It’s an act that we all, as people without superpowers, are able to do. What made me super excited about it is that — like some of my favorite Disney films, like Zootopia, which allowed us to talk about bias, and Big Hero 6 that allowed us to talk about grief — this allows me to be able to talk to my kids about this moment in time we’re in. The land of Kumandra, it’s under an existential crisis called the Druun. We’re in one that’s the pandemic.

I also think it’s very important that in this moment, where there is violence happening to Asian Americans, to be able to offer up a positive story that makes us feel empowered, that gives our kids the feeling of agency that they can be heroes too.

How does writing a screenplay differ from writing the plays that you before written?

A lot of people were very surprised to find me at Disney, because I write superhero stuff. I’m kind of known to be a very edgy writer, so the idea that I’m over here not swearing at all surprised a lot of my fans.

But theater is very collaborative, and working at Disney is crazy collaborative. I would even say more collaborative than even anything I’ve ever done in theater. Unlike TV, theater, and even live action film, the process is, as a writer, you go up in a hole and write a script, and then you hand it off to a director and a director runs off and then makes a movie with it. You’re there as a blueprint maker. Whereas in Disney animation, because the process is so long, there is no locked script. Every step of the way I’m working with the story artists, with my directors, with the voice talent. I was the fight consultant on this as well, so I was also working directly with the animators to choreograph fights.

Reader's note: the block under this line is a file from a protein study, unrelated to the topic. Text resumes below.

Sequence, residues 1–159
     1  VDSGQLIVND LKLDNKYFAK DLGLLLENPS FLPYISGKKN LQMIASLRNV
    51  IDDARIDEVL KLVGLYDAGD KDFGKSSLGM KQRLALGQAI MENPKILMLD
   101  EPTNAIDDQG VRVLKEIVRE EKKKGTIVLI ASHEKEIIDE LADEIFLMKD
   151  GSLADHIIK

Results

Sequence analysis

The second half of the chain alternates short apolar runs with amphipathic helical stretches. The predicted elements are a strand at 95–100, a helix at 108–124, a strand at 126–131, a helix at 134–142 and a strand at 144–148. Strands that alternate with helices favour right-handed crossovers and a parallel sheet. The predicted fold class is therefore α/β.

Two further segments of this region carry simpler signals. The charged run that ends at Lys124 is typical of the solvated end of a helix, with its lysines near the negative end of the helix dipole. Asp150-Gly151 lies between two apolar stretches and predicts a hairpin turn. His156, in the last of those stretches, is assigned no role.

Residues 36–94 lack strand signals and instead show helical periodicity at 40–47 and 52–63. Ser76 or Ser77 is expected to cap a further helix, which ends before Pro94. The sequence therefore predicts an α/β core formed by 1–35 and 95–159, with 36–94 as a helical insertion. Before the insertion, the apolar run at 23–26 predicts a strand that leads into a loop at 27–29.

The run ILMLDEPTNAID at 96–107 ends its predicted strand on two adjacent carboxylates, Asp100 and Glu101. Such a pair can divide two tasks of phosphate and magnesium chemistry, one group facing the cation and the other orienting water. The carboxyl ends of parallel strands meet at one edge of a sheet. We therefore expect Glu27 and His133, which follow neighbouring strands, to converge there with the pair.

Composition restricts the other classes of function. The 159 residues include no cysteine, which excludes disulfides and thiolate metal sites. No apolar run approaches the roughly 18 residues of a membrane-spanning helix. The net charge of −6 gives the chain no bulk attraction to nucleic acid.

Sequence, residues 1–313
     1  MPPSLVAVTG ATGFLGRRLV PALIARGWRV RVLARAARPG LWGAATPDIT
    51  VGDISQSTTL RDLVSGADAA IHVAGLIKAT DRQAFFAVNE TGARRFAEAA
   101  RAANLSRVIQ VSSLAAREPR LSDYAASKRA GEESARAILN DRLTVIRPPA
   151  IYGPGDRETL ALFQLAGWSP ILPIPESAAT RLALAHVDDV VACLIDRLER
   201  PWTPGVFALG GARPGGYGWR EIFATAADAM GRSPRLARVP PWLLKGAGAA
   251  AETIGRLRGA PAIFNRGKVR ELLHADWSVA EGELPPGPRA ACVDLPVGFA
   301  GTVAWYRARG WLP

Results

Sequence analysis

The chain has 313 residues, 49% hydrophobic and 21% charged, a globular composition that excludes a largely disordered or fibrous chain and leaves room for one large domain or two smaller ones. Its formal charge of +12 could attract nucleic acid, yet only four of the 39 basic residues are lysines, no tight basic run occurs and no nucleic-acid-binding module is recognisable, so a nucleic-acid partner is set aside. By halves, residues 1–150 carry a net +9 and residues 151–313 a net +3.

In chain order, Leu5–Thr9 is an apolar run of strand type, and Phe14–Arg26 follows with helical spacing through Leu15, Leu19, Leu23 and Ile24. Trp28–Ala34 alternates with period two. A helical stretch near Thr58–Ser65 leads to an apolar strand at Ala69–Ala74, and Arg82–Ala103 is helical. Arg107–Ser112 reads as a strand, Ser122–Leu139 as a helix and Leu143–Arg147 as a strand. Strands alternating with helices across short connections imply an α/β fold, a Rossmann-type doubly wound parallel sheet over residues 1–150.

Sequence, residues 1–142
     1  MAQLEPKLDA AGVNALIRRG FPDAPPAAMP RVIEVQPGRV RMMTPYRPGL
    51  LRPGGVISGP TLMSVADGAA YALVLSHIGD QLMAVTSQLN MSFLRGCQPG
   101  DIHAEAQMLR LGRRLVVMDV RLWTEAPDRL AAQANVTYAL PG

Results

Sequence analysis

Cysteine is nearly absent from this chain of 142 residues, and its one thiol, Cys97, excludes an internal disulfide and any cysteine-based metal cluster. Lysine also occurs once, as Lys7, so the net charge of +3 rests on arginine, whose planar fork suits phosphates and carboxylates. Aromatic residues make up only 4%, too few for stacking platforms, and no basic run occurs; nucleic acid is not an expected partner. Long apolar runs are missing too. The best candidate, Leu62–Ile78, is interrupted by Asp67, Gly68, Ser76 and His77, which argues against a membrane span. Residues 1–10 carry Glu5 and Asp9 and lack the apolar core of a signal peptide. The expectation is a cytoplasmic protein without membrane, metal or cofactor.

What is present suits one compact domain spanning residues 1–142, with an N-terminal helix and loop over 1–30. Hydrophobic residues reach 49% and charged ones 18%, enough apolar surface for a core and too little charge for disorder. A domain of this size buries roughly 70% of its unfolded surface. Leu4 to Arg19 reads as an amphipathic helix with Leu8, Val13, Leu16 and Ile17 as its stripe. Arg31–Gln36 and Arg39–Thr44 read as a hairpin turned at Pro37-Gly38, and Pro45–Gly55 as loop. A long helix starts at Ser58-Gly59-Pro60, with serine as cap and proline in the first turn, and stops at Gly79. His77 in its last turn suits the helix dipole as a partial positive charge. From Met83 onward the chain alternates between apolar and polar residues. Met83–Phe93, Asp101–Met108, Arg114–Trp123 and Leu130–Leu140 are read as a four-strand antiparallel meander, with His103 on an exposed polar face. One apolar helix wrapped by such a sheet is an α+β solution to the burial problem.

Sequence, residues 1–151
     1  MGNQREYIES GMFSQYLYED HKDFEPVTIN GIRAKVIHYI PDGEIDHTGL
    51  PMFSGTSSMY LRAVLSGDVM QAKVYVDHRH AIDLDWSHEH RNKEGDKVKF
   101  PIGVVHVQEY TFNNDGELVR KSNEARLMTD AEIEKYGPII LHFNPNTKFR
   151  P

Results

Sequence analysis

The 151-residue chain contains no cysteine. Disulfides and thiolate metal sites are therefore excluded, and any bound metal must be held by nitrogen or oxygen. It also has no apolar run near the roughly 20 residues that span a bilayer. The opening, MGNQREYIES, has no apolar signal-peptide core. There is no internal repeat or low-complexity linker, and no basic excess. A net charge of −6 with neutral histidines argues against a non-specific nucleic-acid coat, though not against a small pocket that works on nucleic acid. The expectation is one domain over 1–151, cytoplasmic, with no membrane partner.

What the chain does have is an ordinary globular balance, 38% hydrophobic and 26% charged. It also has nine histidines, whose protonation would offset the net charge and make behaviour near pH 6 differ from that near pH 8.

Fight scenes in Raya and the Last Dragon are greatly influenced by Malaysian and Filipino martial arts. Photo via TIME Magazine.